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Weâre still learning a lot about how planets form around other stars. Over a thousand (!) such exoplanets have been found, giving us a pretty good sample to poke around with. Weâve seen big planets, little planets, hot planets, cold planets, and rogue planets, and weâve seen them around small stars, big stars, dead stars, and binary stars.
The funny thing is, we know most stars form in clusters, condensing out of giant gas clouds en masse. Yet we havenât found very many planets orbiting stars in clusters. Any time a new one is found, itâs important.
And now we can add three more to the roster! Not only that, but one is orbiting a star that is very much like our Sun, enough to be called a solar twin. Thatâs quite interesting indeed.
The planets orbit stars in the open cluster M67, a dense stellar city of about 500 stars located 2,500 light years from Earth.* The cluster is about 4 billion years oldâabout the same age as the Earth and Sunâmaking it one of the oldest clusters known. It probably had many more stars long ago, but most dissipated away over time as they interacted with each other gravitationally, ejecting the lower mass stars (we actually call this evaporation). Most clusters evaporate completely by the time they reach this age, but M67 is dense enough that a few were able to hold on to the old homestead.
One of the host stars is a bit smaller and cooler than the Sun, and another is what we call an evolved star; itâs already become a red giant. The third is the one thatâs so very interesting. YPB 1194, as itâs called, has 1.01 times the mass of the Sun, 0.99 times the radius, and a temperature thatâs virtually indistinguishable from the Sunâs. Since the cluster is about the same age, too, this makes the star one of the very rare solar analogs, or âsolar twin.â
The planet, though, isnât Earth-like at all. Itâs one-third the mass of Jupiter (100 times that of our own planet) and orbits the star once every 6.9 days. That puts it just about 10 million kilometers (6 million miles) from the star, far closer than Earth is to the Sun. Closer than Mercury, even. The surface of this planet (if it has one; itâs likely a gas giant) will be hotter than a blast furnace.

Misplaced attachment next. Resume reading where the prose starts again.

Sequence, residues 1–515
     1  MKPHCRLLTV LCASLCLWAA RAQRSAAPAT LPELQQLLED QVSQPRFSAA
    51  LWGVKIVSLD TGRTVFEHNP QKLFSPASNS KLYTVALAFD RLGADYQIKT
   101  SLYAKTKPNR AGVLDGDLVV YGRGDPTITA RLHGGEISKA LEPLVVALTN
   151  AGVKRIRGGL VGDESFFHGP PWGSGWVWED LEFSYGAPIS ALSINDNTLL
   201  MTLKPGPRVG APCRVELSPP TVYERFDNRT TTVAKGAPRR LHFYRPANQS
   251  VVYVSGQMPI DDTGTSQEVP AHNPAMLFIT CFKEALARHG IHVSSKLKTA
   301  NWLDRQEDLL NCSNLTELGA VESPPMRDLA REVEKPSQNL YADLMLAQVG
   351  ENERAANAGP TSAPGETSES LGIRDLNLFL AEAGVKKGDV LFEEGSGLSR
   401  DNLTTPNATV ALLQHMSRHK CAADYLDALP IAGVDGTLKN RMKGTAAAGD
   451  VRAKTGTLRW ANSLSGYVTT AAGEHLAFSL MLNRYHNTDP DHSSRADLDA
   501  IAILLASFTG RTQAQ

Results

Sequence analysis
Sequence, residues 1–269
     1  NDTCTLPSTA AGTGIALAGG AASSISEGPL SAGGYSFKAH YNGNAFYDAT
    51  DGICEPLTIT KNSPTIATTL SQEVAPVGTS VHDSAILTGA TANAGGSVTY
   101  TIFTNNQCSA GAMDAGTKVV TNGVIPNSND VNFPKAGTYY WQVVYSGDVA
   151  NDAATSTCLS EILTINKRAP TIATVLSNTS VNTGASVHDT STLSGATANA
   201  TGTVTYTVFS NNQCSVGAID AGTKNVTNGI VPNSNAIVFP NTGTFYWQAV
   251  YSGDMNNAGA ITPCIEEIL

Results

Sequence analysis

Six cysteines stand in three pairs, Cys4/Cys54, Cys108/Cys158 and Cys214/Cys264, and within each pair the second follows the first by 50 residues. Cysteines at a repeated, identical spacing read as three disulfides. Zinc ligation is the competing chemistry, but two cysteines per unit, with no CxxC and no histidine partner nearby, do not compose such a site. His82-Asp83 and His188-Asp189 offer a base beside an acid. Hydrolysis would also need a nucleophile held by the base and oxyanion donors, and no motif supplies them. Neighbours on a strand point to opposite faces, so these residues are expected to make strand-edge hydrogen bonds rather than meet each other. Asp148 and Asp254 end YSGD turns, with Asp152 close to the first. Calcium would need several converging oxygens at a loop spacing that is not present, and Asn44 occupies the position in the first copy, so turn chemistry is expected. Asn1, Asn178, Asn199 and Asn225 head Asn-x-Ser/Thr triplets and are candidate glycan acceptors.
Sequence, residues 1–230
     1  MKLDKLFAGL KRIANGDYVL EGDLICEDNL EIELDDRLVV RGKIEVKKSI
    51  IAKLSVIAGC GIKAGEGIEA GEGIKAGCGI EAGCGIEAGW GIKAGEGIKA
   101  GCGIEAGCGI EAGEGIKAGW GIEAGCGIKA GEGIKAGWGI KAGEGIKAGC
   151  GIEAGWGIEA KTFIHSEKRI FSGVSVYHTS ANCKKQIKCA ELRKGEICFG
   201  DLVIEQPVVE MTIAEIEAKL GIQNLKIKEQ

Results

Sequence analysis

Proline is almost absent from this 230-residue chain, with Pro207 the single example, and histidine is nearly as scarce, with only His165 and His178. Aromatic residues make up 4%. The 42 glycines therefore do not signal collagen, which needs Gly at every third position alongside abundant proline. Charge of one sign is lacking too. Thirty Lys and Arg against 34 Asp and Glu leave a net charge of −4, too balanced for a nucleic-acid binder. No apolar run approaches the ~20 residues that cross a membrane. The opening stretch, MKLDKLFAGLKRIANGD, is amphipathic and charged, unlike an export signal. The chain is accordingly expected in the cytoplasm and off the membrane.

But the point here isnât how clement the weather is on the planet. The point here is that it exists at all. This means that other stars just like the Sun can form planets and that they can do so even when in a cluster, where itâs pretty crowded. We donât know if the Sun formed in a cluster or not, but this new discovery means itâs possible.
Another benefit to this is that itâs likely all the stars in the cluster were formed at the same time, especially relative to their age (whatâs a few million years off if youâre 4 billion years old?). They also formed from the same material, which means the stars can be compared directly; you donât have to worry about different ages or compositions screwing up your data. Together with its proximity and age, this makes M67 a favorite target for astronomers, so we know a lot about it. Thatâll make YPB 1194b a very well-studied planet, too.
I have to wonder, too â¦ what does the sky look like for that planet? Well, the star occupies nearly half of it, so itâs a blazing hellfire of light and heat. Right, so letâs let our minds take a step further out, literally, and suppose thereâs an Earth-like planet orbiting that star at a more comfortable distance.
The star is so similar to the Sun it would probably look exactly the same by eye. The new exoplanet found would be very close to the star from that viewpoint, so it would be extremely bright, brighter than Venus is in our sky. With careful viewing, it would be visible in broad daylight. For a day or two a week it would appear just over the horizon before sunrise and after sunset, glowing fiercely. But imagine this: The star sits in a cluster, surrounded very closely by hundreds of other stars. Many of these would be red giants, shining brighter than Venus, gleaming red in the sky.
What a view that would be! Alas, we have no evidence for such a habitable planet around that star, but itâs possible. Given the rate of new exoplanet discoveries, we may have a far better database built up of such planets in the next few years. I do enjoy letting my imagination picture these worlds, but itâs even more thrilling to know that we have actual data on them. The picture in my mind is based on science, and even better, worlds like that actually exist.
Science! It brings the Universe right into your head.
*Incidentally, M67 is in the constellation Cancer, between Gemini and Leo. It rises just after sunset in the winter, so itâs up in the southeast by the time it gets dark for most observers right now. You can find it with binoculars; just donât confuse it for the much brighter and bigger Beehive Cluster (also called M44, or Praesepe) nearby.